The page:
Why Don't People Believe in Conspiracy Theories?
Why Would a True Conspiracy Be Ignored?
A true conspiracy is ignored for several reasons. Sometimes there’s a lack of publicly available evidence. Other times, trust in the conspiring party makes it difficult to imagine they’re responsible for atrocities. In many cases, there’s a believable lie being told that also makes sense. In some cases, the truth is so strange it seems impossible. Certainly not least among these reasons is that sometimes the way the information is presented seems crazy.
Let’s look at UFOs (unidentified flying objects) for an easy example. Just to be clear, I’m only talking about the objects in the sky many of us are familiar with—whether you believe they’re aliens or not.
UFOs are spotted every day. From strange lights to fast-moving objects to strange shapes in the sky, odd sightings seem a constant thing across the world. Most sightings can be accounted for as something ordinary seen in an unusual way. Some can be classified as hoaxes. Once we rule out those two categories, the remaining UFOs left are exactly that: unidentified.
“How can you say that, Kwade?!” you ask?
Easy. They’re not identified. It’s “unidentified flying object.” That doesn’t necessarily mean they’re aliens.
Some random schmuck declaring lights that look odd are “clearly proof that aliens are abducting people” does more harm than good in seeking the truth. Extraordinary claims require extraordinary evidence and too many of us are quick to jump to conclusions. Unfortunately, there are enough ridiculous claims, it makes truly strange events easier to ignore.
Quick Thought Exercise
Pretend for just a moment the U.S. government is covering up the existence of extraterrestrial visits. The possibility that aliens are visiting our planet isn’t that far fetched on its own. The idea that some within the U.S. government would lie, isn’t a stretch at all. The problems with this idea come in when claims are made that a cover-up is in place to hide such visits. A conspiracy of alien visitation would require a monumental conspiracy including thousands of people to keep a secret. It would also mean what many rational intelligent people believe about our world would be a lie. The evidence would need to not only be powerful but also overcome the cognitive dissonance and confirmation biases of people.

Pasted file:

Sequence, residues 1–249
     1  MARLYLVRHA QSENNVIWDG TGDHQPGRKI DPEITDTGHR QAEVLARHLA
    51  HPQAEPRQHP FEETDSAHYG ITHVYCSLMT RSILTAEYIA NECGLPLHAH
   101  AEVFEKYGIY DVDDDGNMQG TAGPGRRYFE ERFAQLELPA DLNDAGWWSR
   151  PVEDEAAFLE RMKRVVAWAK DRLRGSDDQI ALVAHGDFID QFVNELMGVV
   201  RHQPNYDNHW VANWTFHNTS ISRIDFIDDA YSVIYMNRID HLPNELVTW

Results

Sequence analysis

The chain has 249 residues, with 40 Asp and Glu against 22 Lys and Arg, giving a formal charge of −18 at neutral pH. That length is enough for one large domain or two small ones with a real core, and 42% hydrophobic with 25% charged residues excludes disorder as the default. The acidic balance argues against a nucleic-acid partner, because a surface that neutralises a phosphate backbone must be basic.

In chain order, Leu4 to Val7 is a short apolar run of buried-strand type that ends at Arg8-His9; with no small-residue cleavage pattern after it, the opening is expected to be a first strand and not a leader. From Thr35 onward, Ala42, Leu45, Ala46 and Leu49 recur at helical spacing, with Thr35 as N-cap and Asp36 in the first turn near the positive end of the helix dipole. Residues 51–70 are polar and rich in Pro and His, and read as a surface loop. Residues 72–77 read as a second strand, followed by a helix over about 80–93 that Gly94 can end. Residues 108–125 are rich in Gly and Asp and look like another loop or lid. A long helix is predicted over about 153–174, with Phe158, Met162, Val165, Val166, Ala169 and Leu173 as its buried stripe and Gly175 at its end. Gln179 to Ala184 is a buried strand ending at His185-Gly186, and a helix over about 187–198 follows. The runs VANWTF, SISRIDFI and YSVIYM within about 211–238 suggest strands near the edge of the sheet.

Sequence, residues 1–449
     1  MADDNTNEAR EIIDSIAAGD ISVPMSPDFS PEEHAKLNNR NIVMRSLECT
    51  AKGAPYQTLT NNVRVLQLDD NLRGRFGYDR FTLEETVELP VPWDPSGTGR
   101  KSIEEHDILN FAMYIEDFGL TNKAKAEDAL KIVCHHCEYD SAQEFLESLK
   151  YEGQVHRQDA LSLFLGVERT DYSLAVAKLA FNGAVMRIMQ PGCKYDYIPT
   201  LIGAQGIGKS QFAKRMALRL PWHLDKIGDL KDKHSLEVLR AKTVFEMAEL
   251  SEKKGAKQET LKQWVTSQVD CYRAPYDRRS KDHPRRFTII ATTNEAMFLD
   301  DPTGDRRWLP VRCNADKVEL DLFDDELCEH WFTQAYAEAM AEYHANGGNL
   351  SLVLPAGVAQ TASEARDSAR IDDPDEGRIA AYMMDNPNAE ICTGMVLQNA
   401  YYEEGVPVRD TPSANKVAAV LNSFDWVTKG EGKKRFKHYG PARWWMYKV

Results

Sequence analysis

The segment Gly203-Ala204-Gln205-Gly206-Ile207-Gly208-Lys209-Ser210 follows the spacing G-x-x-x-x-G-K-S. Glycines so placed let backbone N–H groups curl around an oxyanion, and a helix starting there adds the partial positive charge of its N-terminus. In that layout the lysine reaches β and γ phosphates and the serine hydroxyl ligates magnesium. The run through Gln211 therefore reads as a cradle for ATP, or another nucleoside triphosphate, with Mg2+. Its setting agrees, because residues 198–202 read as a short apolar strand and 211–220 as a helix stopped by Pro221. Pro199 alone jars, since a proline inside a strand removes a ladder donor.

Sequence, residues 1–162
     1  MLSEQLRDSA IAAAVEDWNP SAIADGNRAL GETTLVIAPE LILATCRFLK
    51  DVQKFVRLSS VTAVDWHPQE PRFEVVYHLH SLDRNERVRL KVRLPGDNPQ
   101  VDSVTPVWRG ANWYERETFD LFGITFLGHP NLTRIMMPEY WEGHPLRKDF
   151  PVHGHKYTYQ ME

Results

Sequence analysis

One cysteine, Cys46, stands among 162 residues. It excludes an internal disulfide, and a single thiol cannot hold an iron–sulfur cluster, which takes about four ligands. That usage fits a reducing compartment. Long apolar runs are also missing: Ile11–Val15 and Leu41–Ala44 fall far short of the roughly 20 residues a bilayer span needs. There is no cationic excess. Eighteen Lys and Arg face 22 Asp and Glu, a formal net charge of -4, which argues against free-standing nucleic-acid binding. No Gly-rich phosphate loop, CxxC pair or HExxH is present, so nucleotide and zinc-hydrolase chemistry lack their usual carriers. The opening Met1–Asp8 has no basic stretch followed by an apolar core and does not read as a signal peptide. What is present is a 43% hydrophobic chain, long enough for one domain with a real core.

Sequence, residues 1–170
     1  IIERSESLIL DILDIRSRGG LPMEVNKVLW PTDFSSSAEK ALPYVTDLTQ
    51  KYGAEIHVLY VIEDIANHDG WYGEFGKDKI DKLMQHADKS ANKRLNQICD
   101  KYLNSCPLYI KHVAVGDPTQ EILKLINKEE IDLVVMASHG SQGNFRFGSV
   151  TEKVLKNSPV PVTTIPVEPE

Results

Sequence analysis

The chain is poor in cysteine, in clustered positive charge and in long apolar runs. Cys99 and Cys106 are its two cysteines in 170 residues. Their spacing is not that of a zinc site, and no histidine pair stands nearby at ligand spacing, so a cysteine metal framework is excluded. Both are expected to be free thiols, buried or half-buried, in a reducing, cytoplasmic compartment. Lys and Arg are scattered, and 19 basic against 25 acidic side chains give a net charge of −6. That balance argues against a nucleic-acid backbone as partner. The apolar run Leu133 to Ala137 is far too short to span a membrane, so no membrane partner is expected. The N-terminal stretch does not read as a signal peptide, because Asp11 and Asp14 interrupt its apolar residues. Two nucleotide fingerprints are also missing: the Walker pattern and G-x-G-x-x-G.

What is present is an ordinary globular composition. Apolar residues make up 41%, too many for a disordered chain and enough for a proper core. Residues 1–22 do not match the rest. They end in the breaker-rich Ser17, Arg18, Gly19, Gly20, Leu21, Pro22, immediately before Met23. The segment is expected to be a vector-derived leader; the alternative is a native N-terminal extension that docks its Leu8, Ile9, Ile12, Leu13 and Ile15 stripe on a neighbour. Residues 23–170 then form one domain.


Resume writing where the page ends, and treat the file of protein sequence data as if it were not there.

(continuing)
Even if all of these claims are true they seem so far removed from the reality we live in it sounds crazy.
Imagine if there was an official announcement unanimously given by the president and leaders of various branches of the government in which you learned the government was run by a cheese monster named Grum who feeds off the brain-waves of politicians. You’d need some serious evidence to believe it. Even with evidence, and even coming from government officials, it would be difficult to accept such a crazy notion. It falls so far outside of what we believe to be true, most of us would think it was a hoax or a gag.
The more strange compared to what we believe, the harder it is to accept it and adjust to information.
Even completely true information doesn’t stand a chance when faced with lies we truly accept as reality.
Just as believing in a conspiracy theory that seems crazy can stem from intelligent thought and research; disbelieving theories often stems from intelligent thought and being rooted in reality. Even when the conspiracy theory turns out to be true, it isn’t just willful ignorance that keeps us from believing the truth. Often just the opposite, trust for someone who seems worthy and information that seems reliable can make it difficult to find the truth.
If you’re one of the “crazy conspiracy theorists,” try to remember your passion can come off as crazy and thoughtless. Share information with a focus on good solid evidence.
If you’re a “closed-minded skeptic,” try to remember the “crazy people” aren’t all crazy, and sometimes an odd source isn’t as important as verifying the information they give.
We need to keep open minds to find new truths.
Do you have anything you’d like to add? I’d love to hear your thoughts in the comments.
© 2019 kwade tweeling